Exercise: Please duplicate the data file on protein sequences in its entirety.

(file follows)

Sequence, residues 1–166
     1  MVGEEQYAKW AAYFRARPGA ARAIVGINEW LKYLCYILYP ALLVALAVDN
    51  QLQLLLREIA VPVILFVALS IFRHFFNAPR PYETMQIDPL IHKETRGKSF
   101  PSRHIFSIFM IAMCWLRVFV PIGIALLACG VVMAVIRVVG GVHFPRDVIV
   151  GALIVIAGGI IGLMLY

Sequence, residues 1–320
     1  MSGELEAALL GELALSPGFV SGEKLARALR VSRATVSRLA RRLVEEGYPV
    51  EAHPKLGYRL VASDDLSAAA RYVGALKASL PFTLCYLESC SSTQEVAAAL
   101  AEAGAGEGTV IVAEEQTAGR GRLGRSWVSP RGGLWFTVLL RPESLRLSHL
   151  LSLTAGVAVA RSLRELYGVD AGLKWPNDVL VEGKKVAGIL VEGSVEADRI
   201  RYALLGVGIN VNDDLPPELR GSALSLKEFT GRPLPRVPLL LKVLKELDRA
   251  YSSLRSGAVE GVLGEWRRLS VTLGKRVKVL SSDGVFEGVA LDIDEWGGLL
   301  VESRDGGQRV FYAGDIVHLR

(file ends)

Sequence, residues 1–166
     1  MVGEEQYAKW AAYFRARPGA ARAIVGINEW LKYLCYILYP ALLVALAVDN
    51  QLQLLLREIA VPVILFVALS IFRHFFNAPR PYETMQIDPL IHKETRGKSF
   101  PSRHIFSIFM IAMCWLRVFV PIGIALLACG VVMAVIRVVG GVHFPRDVIV
   151  GALIVIAGGI IGLMLY

Sequence, residues 1–320
     1  MSGELEAALL GELALSPGFV SGEKLARALR VSRATVSRLA RRLVEEGYPV
    51  EAHPKLGYRL VASDDLSAAA RYVGALKASL PFTLCYLESC SSTQEVAAAL
   101  AEAGAGEGTV IVAEEQTAGR GRLGRSWVSP RGGLWFTVLL RPESLRLSHL
   151  LSLTAGVAVA RSLRELYGVD AGLKWPNDVL VEGKKVAGIL VEGSVEADRI
   201  RYALLGVGIN VNDDLPPELR GSALSLKEFT GRPLPRVPLL LKVLKELDRA
   251  YSSLRSGAVE GVLGEWRRLS VTLGKRVKVL SSDGVFEGVA LDIDEWGGLL
   301  VESRDGGQRV FYAGDIVHLR